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Sun Gazette - Opponent: Washington Has Forgotten Average Man

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Location: Unknown

By Mike Keuther

At 26, Michael Pipe is barely old enough to be a member of Congress, but that's not stopping him from trying to convince voters to elect him to the 5th District seat held by U.S. Rep. Glenn Thompson, R-Howard.

"I am running for Congress because I know what it's like to live paycheck to paycheck and too many people in Washington have forgotten what that's like. People don't understand those struggles. We need someone in the 5th District who understands their struggles."

A 2009 Penn State graduate employed as an assistant manager at Five Guys Burgers and Fries in State College, Pipe said he has good insight into the plight of young college graduates looking for jobs and working people fighting to make ends meet.

"The no. 1 priority right now is jobs. We need to help small businesses," he said. "I think we have to create policies that keep jobs here."

Jobs moving overseas

Unfortunately, the nation has created incentives for moving jobs overseas, according to Pipe.

Such developments are occurring in the 5th District, too.

"We have to invest much more money in green technology such as solar energy and wind," he said. "I believe we need to extend tax cuts to the middle class and not the wealthiest Americans."

Pipe said he believes shining the light on the doings of government is a means of repairing the divisiveness of the nation.

"The first thing I will do (if elected) is open up my office to make it transparent. I will post my schedule, let people know where I am at all hours of the day, let them know what earmarks I've requested - if any. Even if people disagree with me, transparency will be forefront. One of the things I think that is causing divisiveness is secrecy. I am going to be as transparent as I can be," he said.

Town hall meetings

He said he'll hold town hall meetings right after the election, affording him time to listen to peoples' concerns and allow them to find out who he is. Once in Washington, he'll work with other members of Congress.

Pipe answered questions on a number of specific issues.

He said he does not favor the privatization of Social Security.

"No, 100 percent no," he said. "Social Security was created in part because we had a great Depression that saw the stock market tank.

"It wouldn't make sense to create a system that could wipe out peoples' savings.

"We saw many people during the most recent stock market collapse lose millions. It's an idea that would benefit just a few people and endanger the savings of many hard-working Americans."

He said he favored the health care reform bill.

"We have to make sure some of the provisions are done properly. That should be the focus right now. Make sure insurance companies are held in check."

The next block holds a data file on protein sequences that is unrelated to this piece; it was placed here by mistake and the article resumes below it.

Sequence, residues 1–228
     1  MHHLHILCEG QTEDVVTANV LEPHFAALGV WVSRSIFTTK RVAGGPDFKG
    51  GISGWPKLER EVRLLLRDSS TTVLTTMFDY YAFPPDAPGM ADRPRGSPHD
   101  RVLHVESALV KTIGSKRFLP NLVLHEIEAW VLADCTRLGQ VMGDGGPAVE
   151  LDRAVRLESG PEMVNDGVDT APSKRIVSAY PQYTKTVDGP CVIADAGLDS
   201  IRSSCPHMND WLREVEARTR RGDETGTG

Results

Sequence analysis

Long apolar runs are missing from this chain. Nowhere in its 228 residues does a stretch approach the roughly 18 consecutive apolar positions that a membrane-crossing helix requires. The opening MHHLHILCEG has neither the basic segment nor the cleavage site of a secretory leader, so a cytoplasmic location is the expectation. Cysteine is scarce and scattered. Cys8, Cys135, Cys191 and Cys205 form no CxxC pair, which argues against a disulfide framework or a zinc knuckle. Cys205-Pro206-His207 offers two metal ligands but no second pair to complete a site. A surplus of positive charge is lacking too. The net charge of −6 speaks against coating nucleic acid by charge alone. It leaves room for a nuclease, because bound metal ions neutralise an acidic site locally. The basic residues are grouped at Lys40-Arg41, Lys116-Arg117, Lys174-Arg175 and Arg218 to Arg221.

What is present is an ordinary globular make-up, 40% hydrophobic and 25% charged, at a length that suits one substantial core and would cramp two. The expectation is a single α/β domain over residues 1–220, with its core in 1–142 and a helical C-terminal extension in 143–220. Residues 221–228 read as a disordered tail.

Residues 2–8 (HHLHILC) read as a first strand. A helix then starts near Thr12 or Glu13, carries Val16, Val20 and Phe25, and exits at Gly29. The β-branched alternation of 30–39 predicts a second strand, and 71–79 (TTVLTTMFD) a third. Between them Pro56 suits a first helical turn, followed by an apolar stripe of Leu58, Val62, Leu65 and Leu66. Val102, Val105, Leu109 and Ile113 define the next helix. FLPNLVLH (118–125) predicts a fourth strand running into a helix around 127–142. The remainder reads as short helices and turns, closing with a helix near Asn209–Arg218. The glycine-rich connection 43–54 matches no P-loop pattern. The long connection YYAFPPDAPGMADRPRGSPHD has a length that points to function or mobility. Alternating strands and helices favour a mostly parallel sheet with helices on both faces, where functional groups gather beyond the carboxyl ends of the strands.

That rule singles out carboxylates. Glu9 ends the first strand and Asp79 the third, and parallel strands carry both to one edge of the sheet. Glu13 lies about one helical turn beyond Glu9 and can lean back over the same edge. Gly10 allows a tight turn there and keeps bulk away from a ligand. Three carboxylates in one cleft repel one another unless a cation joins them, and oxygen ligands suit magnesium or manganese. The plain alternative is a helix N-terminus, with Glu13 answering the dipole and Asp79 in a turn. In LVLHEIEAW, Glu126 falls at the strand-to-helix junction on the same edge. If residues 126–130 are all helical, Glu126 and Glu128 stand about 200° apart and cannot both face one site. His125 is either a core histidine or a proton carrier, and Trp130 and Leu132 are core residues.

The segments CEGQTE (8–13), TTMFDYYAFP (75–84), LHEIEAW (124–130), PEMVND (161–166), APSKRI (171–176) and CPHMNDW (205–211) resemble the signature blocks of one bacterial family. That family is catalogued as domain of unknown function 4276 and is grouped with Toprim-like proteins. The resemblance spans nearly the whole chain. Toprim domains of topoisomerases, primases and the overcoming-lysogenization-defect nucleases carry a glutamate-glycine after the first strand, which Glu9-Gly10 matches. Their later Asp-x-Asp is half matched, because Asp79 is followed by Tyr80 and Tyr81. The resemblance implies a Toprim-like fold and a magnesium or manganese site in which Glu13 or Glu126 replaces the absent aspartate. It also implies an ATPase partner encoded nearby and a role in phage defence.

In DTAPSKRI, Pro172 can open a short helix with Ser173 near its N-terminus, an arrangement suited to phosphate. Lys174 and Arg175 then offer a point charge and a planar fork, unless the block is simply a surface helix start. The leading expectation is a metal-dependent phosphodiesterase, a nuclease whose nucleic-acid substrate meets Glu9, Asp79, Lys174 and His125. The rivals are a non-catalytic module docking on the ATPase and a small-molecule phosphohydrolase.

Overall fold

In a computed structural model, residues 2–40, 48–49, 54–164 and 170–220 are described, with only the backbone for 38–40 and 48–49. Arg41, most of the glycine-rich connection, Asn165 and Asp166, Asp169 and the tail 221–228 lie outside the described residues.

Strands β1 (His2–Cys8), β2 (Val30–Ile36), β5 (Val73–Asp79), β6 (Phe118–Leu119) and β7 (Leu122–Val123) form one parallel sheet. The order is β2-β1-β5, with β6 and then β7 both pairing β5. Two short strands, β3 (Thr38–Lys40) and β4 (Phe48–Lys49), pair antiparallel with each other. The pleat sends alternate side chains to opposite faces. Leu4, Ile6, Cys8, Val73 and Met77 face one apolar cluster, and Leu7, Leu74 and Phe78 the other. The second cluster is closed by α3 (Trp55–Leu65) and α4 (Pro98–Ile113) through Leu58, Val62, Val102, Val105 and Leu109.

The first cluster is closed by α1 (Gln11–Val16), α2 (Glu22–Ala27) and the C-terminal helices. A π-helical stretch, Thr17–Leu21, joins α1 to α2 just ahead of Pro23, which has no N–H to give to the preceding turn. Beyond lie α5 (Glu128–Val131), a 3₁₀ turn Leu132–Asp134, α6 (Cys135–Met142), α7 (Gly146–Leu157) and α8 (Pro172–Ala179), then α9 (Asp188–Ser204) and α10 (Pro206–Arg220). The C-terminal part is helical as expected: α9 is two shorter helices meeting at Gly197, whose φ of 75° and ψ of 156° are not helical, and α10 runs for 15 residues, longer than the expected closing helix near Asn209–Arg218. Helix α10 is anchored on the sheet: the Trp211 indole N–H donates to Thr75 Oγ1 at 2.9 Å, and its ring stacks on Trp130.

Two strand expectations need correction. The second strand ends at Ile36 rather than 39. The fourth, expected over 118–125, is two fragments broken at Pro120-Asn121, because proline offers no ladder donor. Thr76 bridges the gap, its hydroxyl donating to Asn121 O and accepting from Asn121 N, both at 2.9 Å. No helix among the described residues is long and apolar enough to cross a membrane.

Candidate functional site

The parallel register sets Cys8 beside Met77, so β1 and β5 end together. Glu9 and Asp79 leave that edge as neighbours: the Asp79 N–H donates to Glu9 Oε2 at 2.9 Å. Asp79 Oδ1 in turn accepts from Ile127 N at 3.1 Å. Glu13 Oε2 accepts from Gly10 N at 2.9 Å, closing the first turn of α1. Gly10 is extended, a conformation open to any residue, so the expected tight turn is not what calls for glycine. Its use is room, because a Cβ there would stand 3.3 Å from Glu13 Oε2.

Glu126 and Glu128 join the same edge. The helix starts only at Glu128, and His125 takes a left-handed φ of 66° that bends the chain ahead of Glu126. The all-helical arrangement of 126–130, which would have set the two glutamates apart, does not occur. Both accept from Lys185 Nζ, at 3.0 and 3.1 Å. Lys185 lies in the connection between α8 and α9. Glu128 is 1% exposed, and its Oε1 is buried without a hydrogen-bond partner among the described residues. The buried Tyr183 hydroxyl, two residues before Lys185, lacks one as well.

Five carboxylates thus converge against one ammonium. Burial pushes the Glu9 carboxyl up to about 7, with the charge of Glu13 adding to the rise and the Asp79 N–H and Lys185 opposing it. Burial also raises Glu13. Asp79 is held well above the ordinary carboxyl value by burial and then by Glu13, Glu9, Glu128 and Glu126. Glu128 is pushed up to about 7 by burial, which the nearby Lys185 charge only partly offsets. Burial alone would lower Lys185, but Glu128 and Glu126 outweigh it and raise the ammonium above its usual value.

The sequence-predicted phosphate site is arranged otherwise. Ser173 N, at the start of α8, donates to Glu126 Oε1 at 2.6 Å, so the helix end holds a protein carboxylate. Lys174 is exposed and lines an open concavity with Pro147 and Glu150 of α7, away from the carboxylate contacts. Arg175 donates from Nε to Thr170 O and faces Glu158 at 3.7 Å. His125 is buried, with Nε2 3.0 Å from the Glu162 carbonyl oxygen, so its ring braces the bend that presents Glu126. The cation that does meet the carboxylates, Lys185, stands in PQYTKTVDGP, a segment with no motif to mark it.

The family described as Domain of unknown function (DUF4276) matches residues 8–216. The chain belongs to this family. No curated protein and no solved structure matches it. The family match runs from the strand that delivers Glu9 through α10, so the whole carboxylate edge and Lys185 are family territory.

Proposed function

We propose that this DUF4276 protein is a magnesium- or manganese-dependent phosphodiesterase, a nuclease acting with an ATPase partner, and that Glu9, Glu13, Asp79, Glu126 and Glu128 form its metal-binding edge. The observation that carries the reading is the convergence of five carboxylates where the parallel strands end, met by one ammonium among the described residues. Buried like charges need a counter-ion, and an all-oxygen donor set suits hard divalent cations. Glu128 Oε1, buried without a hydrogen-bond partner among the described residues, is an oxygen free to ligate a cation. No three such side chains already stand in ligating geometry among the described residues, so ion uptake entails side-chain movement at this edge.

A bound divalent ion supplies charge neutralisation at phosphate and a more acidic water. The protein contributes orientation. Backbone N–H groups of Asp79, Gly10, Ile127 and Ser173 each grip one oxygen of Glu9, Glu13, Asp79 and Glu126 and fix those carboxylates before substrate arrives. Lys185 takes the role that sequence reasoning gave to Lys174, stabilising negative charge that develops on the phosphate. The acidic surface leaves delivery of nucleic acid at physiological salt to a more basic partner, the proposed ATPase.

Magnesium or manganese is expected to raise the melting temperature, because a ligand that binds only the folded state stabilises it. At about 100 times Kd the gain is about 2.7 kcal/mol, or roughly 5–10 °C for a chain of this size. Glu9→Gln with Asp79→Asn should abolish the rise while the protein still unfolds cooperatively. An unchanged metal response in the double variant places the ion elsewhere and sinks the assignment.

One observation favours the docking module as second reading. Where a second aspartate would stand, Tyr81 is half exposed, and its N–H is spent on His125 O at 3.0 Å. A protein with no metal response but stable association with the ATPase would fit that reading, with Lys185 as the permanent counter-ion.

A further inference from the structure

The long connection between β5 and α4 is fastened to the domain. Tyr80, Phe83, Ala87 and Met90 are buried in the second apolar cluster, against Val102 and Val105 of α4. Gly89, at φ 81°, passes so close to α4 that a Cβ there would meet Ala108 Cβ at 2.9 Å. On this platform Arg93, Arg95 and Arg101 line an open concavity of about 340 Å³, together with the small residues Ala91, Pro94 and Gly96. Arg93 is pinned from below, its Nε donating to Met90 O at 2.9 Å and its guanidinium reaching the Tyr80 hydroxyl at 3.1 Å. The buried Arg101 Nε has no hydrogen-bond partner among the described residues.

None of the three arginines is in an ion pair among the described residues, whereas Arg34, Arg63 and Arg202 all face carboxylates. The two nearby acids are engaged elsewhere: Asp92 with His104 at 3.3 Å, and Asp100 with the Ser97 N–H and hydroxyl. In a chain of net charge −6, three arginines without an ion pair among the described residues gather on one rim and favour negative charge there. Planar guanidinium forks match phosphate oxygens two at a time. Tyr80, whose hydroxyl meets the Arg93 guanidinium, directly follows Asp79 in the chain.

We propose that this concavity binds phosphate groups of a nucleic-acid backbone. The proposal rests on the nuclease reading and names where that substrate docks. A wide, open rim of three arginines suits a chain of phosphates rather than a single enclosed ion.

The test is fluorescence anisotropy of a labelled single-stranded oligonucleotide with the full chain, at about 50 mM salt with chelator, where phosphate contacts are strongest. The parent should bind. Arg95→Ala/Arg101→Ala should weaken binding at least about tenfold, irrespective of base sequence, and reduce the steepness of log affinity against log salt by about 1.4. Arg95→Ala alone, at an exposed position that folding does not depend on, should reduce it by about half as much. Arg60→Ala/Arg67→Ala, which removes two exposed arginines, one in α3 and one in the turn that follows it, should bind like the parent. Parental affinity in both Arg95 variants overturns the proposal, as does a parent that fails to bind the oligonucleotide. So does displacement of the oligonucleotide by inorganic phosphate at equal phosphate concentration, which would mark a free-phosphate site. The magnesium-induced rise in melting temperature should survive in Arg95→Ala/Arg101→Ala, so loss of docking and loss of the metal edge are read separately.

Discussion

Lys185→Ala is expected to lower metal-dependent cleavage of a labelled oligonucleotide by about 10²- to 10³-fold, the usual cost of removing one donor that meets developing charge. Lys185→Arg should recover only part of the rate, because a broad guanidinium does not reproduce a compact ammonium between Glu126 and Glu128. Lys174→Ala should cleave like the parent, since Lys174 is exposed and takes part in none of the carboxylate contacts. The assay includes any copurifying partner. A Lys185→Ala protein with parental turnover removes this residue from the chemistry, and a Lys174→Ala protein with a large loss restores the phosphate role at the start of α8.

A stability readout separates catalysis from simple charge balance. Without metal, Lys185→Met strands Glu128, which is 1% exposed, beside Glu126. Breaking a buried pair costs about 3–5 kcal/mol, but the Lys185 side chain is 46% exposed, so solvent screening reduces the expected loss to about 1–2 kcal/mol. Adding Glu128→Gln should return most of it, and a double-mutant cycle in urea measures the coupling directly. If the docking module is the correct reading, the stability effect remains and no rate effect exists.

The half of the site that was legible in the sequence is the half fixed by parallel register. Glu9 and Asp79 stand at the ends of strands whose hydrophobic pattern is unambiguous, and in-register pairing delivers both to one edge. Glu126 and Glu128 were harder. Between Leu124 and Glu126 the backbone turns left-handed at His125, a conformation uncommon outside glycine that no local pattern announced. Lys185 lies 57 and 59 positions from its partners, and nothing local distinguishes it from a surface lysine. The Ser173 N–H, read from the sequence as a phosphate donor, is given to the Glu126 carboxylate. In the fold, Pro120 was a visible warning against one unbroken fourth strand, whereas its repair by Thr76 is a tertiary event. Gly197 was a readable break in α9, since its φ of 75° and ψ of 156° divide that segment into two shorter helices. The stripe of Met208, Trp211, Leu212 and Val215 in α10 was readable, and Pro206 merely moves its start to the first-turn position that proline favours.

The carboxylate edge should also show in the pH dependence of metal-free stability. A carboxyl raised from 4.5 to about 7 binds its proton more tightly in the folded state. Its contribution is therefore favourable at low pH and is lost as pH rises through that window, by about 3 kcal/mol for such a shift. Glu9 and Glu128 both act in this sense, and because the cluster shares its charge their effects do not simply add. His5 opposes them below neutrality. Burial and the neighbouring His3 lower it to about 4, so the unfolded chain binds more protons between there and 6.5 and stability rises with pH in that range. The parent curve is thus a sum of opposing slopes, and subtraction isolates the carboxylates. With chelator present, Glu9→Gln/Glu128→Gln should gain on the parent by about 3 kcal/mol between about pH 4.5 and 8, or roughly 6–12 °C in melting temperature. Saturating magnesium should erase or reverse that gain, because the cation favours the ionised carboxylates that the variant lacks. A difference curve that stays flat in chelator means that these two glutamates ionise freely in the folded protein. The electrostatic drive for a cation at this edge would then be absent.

Remedies needed

The bill, he noted, needs to be revisited and remedied, if needed.

He said he feels provisions of the bill already are proving beneficial, including allowing young people to remain on their parents' health insurance up to age 26. He likes, too, that the bill prevents insurers from prohibiting coverage for people with pre-existing conditions.

The stimulus plan, he said, has helped.

"Economists agree that it has helped. They estimated that it has increased employment.

"When you hear Republicans say that it hasn't created jobs, that's just (not true). If we had done nothing there, we would have seen a lot of unemployment. The stimulus bill cut taxes for 95 percent of working families. It also was the largest investment of green technology in our country."

More transparency

Pipe said there should be more transparency regarding earmarks.

"A bill in Congress would create a transparent database. Everyone in the country could see what their lawmakers are requesting," he said. "I am going to fight for my district and get resources, but I will let them know what I will be fighting for."

He said donations by particular individuals or groups to his campaign will not mean an automatic payback to them in the way of earmarks.

Pipe was asked what America can do to open up its exports and close the trade deficit with China.

"I am not a big fan of free trade. I am for fair trade. If you go back to what happened with NAFTA, we created jobs in the country, but we got the low end of jobs that were shipped overseas. Rep. Carney is proposing the Made in America tax credit. That's a huge thing we should be doing.

Keeping money in country

"In certain bills, if money is allocated, we will try to make it in U.S. And there will be a tax credit that will make sure companies benefit from it. Make sure money stays here. And in any future trade deals will do, we have to make sure we protect workers everywhere."

Pipe said he is against overturning Roe vs. Wade.

"I am not in favor of abortions, but we can't have back-alley abortions. We have to make them safe, but rare.

"We need to educate our young people on how to prevent pregnancies through birth control and making responsible choices."

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